HARI SREENIVASAN: And now it’s time now for the analysis of Shields and Brooks. That’s syndicated columnist Mark Shields and New York Times columnist David Brooks.
First off, your reactions to the interview so far?
MARK SHIELDS, Syndicated Columnist: What I find interesting is, I don’t pay any attention to books from politicians.
And the only time I listen to any politician waxing semi-candid is when they are either over 70 or given up all hopes of the White House.
And I think Mrs. Clinton is not 70, or close to it, I guess, but she’s obviously given up all hopes to the White House. And, in that sense, there’s a lot more candor, than I think I have certainly seen in past books, an admission that every candidate is ultimately responsible for his or her campaign, victory or defeat.
And every campaign is inevitably a mirror reflection of the candidate. And she does accept responsibility, but she doesn’t do it exclusively. She wants to share it with some in the press, with other forces in our society.
DAVID BROOKS, The New York Times: Well, as for the book, it’s tough to be reflective and a good storyteller and be in the public sphere.
You’re so active that you don’t have time for reflection. And I read the book. And I thought it was interesting, by political standards, way more interesting. I think she’s right, as she said in the interview, that it was just not her year. She’s not going to the anger, outsider politician.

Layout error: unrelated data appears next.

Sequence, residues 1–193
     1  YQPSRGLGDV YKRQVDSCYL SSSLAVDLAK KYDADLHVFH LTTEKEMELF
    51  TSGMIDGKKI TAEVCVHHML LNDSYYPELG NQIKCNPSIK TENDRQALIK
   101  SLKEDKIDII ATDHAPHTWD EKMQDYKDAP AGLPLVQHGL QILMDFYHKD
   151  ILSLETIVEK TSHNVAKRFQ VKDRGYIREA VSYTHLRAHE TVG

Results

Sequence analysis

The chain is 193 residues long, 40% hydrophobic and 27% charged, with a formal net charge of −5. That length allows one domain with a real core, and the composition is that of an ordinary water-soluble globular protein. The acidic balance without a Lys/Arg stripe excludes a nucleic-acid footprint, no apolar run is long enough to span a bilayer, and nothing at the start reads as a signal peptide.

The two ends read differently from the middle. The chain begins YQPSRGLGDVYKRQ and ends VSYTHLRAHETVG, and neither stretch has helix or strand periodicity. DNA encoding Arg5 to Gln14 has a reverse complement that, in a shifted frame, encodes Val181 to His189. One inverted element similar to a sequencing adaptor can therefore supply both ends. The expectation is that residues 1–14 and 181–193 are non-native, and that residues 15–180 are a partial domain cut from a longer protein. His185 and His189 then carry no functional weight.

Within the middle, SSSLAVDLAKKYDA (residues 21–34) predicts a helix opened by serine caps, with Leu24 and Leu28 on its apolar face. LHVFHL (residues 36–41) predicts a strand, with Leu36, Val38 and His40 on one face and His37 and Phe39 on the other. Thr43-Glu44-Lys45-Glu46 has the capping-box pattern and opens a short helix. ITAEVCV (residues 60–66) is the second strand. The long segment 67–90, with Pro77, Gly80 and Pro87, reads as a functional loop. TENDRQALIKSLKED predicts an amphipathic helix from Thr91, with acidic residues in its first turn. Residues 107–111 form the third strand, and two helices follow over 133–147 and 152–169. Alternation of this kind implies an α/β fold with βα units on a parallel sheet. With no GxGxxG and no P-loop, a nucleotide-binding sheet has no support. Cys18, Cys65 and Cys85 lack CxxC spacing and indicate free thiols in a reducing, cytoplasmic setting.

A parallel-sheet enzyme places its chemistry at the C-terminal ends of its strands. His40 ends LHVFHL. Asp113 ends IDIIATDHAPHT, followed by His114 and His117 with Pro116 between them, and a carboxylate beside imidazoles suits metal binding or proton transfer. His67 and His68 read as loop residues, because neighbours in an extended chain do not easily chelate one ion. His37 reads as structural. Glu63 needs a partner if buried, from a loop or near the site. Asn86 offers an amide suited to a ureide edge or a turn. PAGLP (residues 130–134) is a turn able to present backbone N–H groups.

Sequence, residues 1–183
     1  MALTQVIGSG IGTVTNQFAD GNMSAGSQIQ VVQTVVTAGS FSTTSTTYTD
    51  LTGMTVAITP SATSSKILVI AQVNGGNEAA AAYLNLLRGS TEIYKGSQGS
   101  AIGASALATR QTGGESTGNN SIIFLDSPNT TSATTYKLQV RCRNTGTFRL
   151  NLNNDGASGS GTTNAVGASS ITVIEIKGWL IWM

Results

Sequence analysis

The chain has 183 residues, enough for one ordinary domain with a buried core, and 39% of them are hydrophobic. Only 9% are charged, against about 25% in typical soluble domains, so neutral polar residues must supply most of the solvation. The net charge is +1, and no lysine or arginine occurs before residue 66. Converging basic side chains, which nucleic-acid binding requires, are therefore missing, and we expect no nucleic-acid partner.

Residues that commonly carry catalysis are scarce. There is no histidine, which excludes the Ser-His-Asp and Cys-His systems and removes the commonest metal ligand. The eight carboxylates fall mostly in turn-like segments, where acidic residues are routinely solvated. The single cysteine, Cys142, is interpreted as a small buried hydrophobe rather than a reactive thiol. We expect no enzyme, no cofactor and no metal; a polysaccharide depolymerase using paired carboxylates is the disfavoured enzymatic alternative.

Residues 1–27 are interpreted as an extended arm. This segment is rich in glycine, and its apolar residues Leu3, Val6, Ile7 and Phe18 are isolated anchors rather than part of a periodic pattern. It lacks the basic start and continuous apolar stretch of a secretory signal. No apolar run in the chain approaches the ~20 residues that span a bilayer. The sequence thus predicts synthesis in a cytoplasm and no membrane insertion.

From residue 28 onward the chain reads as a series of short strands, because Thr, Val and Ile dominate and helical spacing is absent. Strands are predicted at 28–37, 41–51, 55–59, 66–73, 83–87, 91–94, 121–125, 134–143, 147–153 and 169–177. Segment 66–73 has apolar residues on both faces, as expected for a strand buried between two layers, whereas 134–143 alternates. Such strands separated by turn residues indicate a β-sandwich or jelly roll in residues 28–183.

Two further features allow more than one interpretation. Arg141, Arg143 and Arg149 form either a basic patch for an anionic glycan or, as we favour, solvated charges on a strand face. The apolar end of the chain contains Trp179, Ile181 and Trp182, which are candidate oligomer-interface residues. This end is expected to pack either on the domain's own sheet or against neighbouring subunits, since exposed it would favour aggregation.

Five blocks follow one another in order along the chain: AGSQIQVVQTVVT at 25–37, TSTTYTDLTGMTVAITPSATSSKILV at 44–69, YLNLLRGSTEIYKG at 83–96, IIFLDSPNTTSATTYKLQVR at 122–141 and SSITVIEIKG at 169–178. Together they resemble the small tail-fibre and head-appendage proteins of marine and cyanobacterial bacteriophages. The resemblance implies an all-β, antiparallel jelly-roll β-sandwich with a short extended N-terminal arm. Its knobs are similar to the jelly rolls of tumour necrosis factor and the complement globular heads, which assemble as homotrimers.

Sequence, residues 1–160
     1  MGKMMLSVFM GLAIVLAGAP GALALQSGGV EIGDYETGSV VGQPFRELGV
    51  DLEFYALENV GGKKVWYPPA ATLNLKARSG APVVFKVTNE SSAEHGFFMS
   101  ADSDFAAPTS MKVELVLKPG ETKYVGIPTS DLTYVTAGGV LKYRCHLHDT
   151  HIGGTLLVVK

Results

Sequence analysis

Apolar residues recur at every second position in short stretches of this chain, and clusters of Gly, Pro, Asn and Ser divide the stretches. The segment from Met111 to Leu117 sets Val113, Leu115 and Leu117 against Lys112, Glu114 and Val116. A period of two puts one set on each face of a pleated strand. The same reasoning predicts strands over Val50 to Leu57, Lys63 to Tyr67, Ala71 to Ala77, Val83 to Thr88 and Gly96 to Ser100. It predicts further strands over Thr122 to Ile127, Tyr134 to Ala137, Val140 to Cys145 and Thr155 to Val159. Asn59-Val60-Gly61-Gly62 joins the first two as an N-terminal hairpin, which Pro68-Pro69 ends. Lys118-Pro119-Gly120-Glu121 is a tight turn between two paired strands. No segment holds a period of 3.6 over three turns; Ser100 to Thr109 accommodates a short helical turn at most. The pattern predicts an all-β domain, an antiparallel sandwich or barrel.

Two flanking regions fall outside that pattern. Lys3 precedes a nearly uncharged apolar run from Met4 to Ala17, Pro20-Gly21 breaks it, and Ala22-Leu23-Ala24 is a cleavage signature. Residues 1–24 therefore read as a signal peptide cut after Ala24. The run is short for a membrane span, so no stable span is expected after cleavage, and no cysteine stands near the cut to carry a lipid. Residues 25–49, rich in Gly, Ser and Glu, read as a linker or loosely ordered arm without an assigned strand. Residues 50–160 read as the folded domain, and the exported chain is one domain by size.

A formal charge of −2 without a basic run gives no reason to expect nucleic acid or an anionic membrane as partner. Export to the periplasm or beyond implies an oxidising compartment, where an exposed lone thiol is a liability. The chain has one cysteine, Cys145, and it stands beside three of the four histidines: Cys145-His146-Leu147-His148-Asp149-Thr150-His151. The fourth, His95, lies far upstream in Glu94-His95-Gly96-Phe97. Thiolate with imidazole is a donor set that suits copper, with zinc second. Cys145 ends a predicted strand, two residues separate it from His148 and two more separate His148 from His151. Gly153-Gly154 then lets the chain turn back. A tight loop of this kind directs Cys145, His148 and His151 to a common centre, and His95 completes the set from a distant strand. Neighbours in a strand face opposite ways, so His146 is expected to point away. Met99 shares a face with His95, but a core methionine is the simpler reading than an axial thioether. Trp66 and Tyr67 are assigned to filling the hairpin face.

I think she’s pushed up too much emphasis on Comey and all that other stuff and the Russians in blaming this. But she has cusps of thoughts throughout the book.
For example, at one point, she says she really loves the parable of the prodigal son. And she says, I’m so much like the older brother, who is the rule follower. And, of course, then you think, well, Bill Clinton is the ultimate younger brother, the prodigal son. And she’s on the cusp of a really interesting insight about her relationship with him.
But she can’t — she never, never takes the next step. And I think that’s just because active people — I remember I once interviewed Margaret Thatcher, and she was the same way — so much active, not a writer, not reflective, not getting the analysis you actually want.
But that’s just a product of being in the public sphere. I think the book with is far more interesting than most political books of that sort.
MARK SHIELDS: Obama wrote a very book, but he wasn’t a presidential candidate at the time.